Birds Provide Japanese Train Design

Yesterday a Japanese train company apologized for running 20 seconds ahead of schedule. How did Japanese trains get so fast?

The answer for how their famous bullet trains move so quickly is thanks in part to biomimicry, the study of using animals as a source for design. The front of the bullet train was inspired by the beak of a kingfisher which allows for more efficient airflow and thus less of an environmental impact. This is merely one example of the interesting world of using the evolution of animals to design the world around us.

Japan’s Shinkansen doesn’t look like your typical train. With its long and pointed nose, it can reach top speeds up to 150–200 miles per hour.

It didn’t always look like this. Earlier models were rounder and louder, often suffering from the phenomenon of “tunnel boom,” where deafening compressed air would rush out of a tunnel after a train rushed in. But a moment of inspiration from engineer and birdwatcher Eiji Nakatsu led the system to be redesigned based on the aerodynamics of three species of birds.

Nakatsu’s case is a fascinating example of biomimicry, the design movement pioneered by biologist and writer Janine Benyus. She’s a co-founder of the Biomimicry Institute, a non-profit encouraging creators to discover how big challenges in design, engineering, and sustainability have often already been solved through 3.8 billion years of evolution on earth. We just have to go out and find them.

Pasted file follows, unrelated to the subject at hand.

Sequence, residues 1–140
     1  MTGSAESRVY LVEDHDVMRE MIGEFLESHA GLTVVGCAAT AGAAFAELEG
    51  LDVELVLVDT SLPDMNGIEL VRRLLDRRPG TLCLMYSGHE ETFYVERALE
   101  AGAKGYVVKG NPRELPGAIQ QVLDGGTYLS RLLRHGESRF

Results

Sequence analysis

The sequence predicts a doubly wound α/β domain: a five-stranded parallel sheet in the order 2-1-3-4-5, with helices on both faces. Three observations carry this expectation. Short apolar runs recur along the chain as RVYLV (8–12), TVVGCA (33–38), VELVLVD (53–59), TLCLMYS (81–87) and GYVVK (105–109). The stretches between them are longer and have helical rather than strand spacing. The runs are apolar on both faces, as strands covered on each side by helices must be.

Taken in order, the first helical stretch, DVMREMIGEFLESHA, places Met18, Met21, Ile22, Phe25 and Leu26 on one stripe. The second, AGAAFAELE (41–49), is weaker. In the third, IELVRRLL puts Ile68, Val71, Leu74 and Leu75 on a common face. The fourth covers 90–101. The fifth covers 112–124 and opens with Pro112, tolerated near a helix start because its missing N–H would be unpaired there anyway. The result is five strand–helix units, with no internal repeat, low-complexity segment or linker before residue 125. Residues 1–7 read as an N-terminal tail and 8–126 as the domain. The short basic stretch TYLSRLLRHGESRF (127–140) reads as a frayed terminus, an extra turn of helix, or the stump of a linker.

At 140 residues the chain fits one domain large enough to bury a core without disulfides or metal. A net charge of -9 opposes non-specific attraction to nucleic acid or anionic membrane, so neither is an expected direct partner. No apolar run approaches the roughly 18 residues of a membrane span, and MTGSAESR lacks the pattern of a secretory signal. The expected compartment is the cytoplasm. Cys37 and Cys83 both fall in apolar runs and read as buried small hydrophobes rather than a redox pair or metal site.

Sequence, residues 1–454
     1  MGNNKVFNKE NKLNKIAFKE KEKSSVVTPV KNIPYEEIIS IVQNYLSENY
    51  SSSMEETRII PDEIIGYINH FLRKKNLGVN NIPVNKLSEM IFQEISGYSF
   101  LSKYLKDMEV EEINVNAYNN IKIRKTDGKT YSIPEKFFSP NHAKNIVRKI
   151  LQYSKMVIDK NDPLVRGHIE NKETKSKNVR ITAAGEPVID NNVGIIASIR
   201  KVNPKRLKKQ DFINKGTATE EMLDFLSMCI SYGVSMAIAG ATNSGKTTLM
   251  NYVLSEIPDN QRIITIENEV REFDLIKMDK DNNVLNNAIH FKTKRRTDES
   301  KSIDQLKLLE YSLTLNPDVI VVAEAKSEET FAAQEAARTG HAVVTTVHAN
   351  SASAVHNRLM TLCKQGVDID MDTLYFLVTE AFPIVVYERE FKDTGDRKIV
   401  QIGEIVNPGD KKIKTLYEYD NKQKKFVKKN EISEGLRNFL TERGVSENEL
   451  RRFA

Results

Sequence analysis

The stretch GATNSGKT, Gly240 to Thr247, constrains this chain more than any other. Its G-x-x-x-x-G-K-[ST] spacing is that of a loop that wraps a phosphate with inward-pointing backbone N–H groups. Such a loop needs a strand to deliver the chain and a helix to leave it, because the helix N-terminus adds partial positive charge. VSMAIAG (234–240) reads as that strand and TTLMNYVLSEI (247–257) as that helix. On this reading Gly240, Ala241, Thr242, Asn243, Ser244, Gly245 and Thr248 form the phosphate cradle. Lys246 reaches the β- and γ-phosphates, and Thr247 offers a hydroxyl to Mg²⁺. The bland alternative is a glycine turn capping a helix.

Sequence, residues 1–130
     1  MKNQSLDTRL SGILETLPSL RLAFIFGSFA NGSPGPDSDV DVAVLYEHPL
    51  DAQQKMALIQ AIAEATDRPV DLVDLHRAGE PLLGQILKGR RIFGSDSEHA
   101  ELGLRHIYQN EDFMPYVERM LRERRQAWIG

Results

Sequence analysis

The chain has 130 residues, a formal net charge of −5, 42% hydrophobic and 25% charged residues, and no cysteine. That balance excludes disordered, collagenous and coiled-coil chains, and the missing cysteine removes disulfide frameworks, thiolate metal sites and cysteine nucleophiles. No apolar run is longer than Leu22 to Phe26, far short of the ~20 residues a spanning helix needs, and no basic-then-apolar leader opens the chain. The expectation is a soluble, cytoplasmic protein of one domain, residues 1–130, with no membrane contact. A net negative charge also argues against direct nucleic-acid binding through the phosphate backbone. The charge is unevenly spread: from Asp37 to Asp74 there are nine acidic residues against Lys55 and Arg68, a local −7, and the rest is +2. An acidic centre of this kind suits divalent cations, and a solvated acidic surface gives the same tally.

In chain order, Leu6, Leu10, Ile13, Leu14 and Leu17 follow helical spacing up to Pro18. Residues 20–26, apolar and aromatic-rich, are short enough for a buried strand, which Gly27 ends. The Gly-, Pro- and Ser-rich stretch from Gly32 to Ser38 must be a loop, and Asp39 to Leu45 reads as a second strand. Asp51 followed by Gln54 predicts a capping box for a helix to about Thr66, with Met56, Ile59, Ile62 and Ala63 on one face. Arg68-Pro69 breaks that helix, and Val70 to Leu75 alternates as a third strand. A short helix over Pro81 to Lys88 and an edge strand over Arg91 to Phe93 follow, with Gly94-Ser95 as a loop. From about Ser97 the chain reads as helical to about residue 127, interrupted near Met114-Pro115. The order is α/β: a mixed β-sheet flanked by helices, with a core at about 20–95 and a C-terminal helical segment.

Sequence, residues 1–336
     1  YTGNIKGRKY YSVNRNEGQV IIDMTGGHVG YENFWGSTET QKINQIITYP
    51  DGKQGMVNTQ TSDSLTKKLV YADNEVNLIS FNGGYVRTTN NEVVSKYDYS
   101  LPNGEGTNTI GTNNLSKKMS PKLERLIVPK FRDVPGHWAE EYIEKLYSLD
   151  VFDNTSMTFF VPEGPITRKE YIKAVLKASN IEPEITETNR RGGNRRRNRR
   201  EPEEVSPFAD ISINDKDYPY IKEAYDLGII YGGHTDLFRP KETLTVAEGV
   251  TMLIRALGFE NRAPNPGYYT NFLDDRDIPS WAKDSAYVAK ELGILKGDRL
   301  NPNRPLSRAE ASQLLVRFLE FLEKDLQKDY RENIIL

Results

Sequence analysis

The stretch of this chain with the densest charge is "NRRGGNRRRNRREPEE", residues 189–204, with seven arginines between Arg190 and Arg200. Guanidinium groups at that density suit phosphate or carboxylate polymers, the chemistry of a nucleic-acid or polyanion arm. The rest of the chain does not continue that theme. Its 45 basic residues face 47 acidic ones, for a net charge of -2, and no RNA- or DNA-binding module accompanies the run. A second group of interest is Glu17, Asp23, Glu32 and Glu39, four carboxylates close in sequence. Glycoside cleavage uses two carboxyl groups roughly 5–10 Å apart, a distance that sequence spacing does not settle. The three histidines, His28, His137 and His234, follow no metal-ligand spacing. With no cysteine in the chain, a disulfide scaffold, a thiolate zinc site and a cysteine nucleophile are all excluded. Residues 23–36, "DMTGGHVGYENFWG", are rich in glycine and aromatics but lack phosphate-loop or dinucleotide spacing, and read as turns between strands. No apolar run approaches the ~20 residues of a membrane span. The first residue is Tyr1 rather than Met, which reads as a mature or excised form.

One thought on “Birds Provide Japanese Train Design

  1. Perhaps then you could explain to me the foundation, the inspiration, for the incredibly ugly mugs of the Toyota RAV4, Lexus NX200 and RX350, or the bizarre new Honda Civic hatchback. Because that is what I get to see on a daily basis as representative of Japanese design – highly upset stomachs and nightmares seem to be what gets the designers going these days and classic Japanese themes have been tossed on the scrapheap.

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